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What does an Education Officer do?

If you'd like to work with a variety of young people (and possibly with some adults) and have a passion such as a love of animals, art, or history that you want to share with others, becoming an Education Officer could be for you. It's a great role if you want to work in education, but outside the formal setting of a school or college.

What does an Education Officer do?

Education Officers (or Education Advisors) work at organisations such as zoos, museums, art galleries and other attractions (even some theme parks have an education team!). They work closely with groups of people (such as school children or society groups) that come onto site for educational trips, to promote the organisation and build knowledge and understanding around what that organisation does. Learning outside the classroom can be a great way to engage young people who struggle in the classroom to understand and apply their learning in a real-world context, so the role of Education Officer can be very rewarding as you see children gain confidence and enthusiasm for learning.   

Roles and responsibilities

Key skills and traits required include:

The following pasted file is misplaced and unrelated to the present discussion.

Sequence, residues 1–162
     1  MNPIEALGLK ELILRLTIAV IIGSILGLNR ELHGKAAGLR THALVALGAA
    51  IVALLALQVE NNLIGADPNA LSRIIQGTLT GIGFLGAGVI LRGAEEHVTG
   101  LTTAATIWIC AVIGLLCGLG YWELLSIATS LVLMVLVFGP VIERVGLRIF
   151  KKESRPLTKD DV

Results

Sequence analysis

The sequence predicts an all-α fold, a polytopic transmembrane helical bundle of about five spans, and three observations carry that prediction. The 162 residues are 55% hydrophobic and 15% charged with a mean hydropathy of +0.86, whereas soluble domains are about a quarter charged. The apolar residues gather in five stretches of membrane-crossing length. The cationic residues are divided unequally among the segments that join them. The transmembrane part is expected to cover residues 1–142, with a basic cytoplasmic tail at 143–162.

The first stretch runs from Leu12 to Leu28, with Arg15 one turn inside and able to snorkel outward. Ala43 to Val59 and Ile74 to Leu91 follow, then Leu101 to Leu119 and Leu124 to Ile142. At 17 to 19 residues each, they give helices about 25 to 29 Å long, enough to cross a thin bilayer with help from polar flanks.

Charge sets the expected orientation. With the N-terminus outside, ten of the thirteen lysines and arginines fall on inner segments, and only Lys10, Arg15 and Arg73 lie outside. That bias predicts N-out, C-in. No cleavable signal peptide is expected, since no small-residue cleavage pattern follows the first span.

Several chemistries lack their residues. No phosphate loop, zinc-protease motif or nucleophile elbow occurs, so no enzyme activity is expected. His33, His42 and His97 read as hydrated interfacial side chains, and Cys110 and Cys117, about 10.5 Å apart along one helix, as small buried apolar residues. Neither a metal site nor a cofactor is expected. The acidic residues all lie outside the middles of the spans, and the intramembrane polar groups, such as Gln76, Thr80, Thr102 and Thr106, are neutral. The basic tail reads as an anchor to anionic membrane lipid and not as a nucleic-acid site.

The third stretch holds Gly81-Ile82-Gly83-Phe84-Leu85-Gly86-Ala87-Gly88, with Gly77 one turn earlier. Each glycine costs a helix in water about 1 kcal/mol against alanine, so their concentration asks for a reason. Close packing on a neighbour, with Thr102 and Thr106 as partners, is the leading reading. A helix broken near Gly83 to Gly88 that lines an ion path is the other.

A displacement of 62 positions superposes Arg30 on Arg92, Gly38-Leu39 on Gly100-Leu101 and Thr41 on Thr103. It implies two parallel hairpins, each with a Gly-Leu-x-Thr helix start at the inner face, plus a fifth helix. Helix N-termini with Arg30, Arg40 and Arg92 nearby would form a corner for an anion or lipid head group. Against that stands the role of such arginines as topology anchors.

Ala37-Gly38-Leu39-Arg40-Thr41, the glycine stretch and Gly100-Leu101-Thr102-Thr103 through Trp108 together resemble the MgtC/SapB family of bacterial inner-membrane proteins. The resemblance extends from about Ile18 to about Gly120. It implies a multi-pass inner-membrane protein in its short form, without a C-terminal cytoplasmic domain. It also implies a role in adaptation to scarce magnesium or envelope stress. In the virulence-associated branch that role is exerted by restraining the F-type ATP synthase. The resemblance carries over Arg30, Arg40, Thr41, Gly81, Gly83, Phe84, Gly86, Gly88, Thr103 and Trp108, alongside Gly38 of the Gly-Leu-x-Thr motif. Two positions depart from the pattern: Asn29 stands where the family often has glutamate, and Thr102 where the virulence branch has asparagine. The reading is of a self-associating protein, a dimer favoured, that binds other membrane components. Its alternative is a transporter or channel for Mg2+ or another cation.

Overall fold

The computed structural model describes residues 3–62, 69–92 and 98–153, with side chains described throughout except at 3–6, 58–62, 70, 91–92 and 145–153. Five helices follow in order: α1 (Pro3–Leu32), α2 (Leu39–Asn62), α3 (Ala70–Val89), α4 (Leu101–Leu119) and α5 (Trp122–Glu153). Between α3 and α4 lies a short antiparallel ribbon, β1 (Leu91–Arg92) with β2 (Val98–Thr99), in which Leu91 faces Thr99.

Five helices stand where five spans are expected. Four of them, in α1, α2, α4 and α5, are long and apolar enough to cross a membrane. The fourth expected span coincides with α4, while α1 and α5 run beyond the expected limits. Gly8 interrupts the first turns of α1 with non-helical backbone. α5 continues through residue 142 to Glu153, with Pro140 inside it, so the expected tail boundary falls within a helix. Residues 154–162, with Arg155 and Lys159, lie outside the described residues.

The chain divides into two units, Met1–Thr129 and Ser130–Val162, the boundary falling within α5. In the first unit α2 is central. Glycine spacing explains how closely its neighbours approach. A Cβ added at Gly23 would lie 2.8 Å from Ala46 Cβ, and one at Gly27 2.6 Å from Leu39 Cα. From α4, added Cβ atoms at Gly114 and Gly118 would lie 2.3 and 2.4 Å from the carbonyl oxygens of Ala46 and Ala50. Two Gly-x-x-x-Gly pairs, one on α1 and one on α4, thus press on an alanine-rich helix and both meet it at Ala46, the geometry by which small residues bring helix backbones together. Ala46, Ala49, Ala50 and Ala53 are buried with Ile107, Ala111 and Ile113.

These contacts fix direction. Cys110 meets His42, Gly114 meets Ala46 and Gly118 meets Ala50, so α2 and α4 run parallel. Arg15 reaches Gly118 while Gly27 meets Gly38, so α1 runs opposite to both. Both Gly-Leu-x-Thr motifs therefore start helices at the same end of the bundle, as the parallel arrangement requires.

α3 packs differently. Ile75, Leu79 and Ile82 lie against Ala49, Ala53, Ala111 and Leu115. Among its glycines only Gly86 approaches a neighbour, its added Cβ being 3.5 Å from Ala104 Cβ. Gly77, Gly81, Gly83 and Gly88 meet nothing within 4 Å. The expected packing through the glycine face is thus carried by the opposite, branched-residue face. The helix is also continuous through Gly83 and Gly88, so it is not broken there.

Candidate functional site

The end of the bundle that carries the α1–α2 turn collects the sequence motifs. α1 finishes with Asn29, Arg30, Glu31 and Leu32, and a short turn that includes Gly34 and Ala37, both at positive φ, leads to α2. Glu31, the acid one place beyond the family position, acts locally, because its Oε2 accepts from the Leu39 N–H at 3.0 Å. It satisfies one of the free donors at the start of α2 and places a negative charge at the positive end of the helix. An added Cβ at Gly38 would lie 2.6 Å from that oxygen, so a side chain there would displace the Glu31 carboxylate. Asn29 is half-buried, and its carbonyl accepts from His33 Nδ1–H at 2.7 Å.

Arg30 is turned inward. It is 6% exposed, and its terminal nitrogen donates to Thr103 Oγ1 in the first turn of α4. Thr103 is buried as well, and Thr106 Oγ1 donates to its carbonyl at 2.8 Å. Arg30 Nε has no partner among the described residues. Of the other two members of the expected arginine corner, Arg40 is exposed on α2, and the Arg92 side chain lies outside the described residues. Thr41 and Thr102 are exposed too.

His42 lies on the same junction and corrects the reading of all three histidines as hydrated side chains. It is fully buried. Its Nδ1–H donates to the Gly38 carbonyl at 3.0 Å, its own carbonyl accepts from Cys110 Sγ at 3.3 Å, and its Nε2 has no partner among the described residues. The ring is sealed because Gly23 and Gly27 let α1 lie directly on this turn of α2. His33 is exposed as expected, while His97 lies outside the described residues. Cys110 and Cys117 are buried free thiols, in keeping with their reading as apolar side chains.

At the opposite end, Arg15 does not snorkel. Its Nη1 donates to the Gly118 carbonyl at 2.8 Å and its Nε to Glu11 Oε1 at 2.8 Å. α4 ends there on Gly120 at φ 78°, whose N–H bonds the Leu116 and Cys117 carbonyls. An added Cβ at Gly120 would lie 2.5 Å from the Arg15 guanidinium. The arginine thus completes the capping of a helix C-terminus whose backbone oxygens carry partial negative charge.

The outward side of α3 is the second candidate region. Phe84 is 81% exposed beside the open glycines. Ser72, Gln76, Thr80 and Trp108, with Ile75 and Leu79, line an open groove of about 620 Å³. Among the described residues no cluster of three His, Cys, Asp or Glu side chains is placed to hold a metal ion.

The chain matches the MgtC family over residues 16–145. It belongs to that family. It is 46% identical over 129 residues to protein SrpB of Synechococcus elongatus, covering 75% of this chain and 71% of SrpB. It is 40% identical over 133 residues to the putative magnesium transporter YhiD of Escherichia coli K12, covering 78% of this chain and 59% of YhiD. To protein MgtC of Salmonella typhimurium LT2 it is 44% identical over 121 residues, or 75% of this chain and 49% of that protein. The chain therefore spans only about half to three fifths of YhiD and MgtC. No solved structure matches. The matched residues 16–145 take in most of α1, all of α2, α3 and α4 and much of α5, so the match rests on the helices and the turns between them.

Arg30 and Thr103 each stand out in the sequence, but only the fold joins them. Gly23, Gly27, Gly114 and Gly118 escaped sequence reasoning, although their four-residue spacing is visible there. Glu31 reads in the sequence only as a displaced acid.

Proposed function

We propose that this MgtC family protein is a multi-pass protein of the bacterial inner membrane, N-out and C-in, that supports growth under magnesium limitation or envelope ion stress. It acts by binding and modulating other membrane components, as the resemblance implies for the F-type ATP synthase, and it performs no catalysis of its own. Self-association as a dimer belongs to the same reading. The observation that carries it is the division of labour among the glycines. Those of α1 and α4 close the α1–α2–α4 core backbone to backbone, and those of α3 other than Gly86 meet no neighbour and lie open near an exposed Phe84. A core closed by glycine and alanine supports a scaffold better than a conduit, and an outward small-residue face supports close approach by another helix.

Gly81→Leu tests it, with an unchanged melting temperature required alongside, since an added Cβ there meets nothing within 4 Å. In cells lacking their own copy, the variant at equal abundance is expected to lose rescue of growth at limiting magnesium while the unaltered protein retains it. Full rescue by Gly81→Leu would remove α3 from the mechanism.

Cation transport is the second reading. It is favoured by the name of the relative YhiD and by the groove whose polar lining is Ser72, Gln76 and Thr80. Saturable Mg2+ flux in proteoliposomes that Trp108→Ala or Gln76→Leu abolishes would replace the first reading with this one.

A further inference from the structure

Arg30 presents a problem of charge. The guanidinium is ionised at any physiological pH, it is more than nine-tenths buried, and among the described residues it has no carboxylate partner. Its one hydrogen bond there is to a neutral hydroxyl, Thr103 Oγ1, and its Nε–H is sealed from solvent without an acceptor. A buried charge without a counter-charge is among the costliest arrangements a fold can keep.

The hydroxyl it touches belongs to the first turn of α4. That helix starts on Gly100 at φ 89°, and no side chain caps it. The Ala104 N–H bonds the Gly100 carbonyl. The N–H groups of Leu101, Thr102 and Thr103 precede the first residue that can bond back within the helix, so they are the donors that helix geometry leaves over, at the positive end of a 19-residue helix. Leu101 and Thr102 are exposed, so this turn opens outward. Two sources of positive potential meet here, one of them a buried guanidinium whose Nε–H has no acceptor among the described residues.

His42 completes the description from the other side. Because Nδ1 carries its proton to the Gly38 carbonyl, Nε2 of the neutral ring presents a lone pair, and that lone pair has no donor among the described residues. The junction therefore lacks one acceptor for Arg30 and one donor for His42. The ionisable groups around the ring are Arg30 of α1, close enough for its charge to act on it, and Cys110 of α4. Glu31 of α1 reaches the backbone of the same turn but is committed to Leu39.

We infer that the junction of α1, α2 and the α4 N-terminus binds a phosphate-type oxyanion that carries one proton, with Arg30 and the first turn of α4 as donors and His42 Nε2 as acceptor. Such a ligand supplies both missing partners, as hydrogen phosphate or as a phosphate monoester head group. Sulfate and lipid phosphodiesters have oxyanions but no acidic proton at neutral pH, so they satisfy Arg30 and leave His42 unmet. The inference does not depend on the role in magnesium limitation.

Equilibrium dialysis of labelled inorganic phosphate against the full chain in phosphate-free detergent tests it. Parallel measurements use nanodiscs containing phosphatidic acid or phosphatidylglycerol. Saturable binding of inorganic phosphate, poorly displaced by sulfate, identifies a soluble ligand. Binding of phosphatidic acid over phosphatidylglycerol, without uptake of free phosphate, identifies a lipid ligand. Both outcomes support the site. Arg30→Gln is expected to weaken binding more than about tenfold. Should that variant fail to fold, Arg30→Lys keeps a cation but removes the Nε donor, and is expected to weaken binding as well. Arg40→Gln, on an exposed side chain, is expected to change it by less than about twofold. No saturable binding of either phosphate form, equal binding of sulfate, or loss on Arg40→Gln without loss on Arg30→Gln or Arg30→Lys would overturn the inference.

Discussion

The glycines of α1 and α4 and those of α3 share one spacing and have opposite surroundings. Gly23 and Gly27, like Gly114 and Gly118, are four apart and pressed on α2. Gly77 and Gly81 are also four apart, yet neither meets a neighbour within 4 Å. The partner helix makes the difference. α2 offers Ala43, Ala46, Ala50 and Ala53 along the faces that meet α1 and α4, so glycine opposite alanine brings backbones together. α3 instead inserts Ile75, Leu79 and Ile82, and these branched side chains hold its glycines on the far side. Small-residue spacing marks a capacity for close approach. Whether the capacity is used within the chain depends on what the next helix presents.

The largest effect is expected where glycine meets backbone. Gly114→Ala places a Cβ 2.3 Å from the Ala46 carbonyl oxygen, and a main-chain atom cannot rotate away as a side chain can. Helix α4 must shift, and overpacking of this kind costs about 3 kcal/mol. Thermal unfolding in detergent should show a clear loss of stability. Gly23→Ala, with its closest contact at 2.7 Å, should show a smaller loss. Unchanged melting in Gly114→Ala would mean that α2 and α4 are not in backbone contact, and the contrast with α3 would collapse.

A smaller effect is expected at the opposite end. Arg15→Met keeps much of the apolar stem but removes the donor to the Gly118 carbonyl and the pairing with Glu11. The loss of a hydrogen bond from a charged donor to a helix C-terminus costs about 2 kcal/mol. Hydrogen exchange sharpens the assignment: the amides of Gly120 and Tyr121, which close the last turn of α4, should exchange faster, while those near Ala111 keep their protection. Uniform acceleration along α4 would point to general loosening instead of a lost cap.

• Excellent communication skills
  • Good organisational abilities
  • Confident public speaker
  • Experience of working with children
  • Passion for specific topics relating to the organisation (i.e. conservation, animal welfare etc. if you want to work in a zoo or wildlife park; art and history if you want to work in a museum or art gallery)

A day in the life of an Education Officer

No two days are the same, and where you work could dictate what type of work you could be asked to do.  For example, if you were an Education Officer at a zoo, you could be: liaising with schools to organise day trips to the zoo; putting together programmes of age-appropriate and curriculum-related activities, such as a ‘meet the animals’ session; preparing information about habitats, animal life cycles, or feeding patterns; delivering tailored tours of the zoo; working with volunteers, and so on. You could also be working with groups on the day to help them learn and inspire them to get more involved in animal welfare or conservation.

How to become an Education Officer

The specific requirements may vary depending on where you would like to work, but the key thing is to show experience and knowledge of working with children, and a passion for what the organisation does. Some students on our education degrees have completed placements in this type of role at historical attractions in order to get more experience in this area.  Take a look at Jess's placement experience.

Some roles may require a teaching qualification, such as a PGCE, as well as experience of working with children and young people.

As you will be working with children, you are likely to need a DBS check.

Explore our courses in education

Take a look at the courses we offer to help you kick start your career working with children and families.

See our courses